Waco painter Kermit Oliver is no stranger.
His deeply allegorical work was included in the inaugural exhibition at the Smithsonian’s National Museum of African American History and Culture in 2016. There was a retrospective at the Museum of Fine Arts in Houston in 2005. And curator Dave Hickey selected it for SITE’s fourth Santa Fe. International Biennial in 2001.
Despite this storied history, Oliver has remained peripheral to the Texas art world and is best known as the postman who became the first American to design a scarf for the French fashion house Hermès.
Born into a working ranch family in Refugio, Texas in 1943, Oliver went on to study at Texas Southern University in Houston. Having given up a career in teaching and although exhibiting in galleries in Houston, he accepted a job with the United States Postal Service. In 1984 he and his family moved to Waco. He continued to paint and he continued to work for the postal service.
Now his hometown has mounted a comprehensive study of his work, “Kermit Oliver: New Narratives, New Beginnings” at the Art Center Waco. This is the center’s first exhibition in its new location, and around 50 works spanning Oliver’s career are on display in a series of somewhat crowded spaces.
A room is dedicated to his work with Hermès, for which he has designed 17 different scarves since the 1980s. artistic director of Hermès, towards the work of Oliver.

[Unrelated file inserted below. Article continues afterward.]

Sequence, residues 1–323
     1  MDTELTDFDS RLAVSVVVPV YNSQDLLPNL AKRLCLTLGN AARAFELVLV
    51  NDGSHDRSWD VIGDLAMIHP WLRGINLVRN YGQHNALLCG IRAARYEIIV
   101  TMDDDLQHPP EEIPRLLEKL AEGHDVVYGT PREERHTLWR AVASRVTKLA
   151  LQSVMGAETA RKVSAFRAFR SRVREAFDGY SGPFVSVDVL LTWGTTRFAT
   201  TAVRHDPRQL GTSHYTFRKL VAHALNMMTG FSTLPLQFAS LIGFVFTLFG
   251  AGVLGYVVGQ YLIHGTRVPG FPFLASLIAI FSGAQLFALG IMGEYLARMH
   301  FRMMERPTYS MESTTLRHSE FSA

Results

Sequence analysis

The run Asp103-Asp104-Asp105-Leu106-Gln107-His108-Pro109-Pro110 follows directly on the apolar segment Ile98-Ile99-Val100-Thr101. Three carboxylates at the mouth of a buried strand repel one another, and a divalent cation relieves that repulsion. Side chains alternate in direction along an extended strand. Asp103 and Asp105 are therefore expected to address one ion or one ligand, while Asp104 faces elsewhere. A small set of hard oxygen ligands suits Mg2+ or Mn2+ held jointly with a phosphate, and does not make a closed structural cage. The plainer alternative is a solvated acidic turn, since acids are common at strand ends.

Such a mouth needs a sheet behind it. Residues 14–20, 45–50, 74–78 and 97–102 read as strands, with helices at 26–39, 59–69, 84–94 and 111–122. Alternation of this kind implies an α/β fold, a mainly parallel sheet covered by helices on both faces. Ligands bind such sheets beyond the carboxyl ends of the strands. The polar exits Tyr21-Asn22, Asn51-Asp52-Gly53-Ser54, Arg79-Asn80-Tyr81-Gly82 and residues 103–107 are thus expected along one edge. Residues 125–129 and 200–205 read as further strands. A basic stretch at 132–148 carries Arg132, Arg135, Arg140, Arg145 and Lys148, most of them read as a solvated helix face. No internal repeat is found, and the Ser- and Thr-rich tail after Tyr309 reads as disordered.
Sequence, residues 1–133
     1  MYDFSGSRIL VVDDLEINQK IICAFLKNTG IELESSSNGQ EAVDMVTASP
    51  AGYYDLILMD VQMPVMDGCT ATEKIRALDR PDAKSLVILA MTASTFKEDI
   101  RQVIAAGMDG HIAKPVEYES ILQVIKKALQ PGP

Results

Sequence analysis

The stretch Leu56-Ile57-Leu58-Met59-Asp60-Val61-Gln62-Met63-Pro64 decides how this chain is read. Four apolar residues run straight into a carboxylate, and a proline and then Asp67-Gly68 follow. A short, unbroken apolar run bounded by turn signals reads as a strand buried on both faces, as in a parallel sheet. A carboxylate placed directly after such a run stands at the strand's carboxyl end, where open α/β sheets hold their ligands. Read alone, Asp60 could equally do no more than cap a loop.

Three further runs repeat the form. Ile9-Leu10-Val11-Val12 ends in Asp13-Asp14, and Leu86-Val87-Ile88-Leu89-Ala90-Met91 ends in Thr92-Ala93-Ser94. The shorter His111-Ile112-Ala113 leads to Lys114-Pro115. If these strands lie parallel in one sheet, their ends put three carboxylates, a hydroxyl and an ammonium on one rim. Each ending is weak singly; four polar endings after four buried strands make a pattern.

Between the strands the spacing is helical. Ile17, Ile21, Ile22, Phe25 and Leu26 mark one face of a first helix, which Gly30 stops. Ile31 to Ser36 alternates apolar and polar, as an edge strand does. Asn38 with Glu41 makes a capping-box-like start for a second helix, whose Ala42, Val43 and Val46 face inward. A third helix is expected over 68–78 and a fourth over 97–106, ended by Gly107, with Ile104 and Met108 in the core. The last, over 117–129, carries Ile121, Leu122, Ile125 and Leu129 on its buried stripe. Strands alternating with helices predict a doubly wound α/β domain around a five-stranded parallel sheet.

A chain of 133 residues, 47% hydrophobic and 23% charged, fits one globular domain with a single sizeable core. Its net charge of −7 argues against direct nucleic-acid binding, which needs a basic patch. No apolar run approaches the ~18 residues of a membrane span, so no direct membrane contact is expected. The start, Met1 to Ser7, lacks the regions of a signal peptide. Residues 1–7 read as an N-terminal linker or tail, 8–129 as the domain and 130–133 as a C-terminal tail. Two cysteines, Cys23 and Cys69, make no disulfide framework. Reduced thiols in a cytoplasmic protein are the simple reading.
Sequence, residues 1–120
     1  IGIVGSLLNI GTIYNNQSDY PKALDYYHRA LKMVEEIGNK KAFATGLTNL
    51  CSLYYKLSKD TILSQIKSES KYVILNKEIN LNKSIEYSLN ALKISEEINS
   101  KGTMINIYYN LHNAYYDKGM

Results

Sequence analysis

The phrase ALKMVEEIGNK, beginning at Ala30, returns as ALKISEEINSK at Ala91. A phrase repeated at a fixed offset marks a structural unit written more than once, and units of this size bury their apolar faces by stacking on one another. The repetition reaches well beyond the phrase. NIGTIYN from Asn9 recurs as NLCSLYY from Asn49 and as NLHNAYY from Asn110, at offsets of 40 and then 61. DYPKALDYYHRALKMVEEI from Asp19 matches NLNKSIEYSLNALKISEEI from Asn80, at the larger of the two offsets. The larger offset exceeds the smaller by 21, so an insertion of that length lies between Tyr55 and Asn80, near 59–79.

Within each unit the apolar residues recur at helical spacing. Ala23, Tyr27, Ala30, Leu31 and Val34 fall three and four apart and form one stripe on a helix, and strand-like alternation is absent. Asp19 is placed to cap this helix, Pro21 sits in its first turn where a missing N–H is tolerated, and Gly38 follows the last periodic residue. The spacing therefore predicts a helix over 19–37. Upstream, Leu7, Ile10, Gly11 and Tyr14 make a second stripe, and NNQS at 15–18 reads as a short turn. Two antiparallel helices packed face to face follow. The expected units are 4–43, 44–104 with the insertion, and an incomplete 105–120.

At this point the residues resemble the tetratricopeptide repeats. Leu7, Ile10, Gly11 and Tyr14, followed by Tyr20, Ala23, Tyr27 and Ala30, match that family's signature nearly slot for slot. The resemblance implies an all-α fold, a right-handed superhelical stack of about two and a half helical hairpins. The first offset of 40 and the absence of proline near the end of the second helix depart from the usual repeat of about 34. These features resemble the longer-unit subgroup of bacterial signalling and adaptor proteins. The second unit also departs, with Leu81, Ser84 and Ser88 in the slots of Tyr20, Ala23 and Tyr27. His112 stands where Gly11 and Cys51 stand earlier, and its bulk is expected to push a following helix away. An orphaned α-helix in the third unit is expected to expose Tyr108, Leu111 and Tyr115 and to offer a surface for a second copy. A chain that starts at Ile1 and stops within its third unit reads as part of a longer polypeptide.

The resulting scarves are encyclopedic poems for America and often specifically for Texas. A corpulent and regal turkey occupies the center of Texas Fauna and Flora (original version released in 1986), surrounded by a bestiary of Texas creatures — hares and armadillos, owls and egrets — their cameos braided with arabesques of Texas flora.
In an interview for Texas Standard, Oliver spoke of his joy at finding foreign stamps while working in the Postal Service and how they gave him insight into other cultures and their art. These scarves look like enlarged stamps, resplendent in a series of patterns that mythologize a particular deeply American cultural history.
Delight is found in this exhibition in encountering Oliver’s lifelong quest to find meaning through painting and nature. Often the protagonists are animals, an echo of his childhood spent on a ranch. An untitled painting from 1975 is filled with creatures: a crowned cow takes up most of the painting; a cat sits improbably on its back, and next to it a child holds a stick with a songbird on top.
This peaceful kingdom is a domesticated version of the biblical passage from Isaiah 11:6, “The wolf also shall dwell with the lamb, and the leopard shall lie down with the kid…and a little child shall lead them.” These allegorical devices are common in Oliver’s work—both biblical and classical—but ambiguity remains.
The meaning of the individual motifs and their totality is not established. The work is not a simple illustration but mixes the personal with the fantastic, the pastoral with the profane.
“Kermit Oliver: New Narratives, New Beginnings” runs through January 22 at the Art Center Waco, 701 S. Eighth St., Waco. To free. Tuesday to Friday from 11 a.m. to 5 p.m. and Saturday from 10 a.m. to 2 p.m. artcenterwaco.org.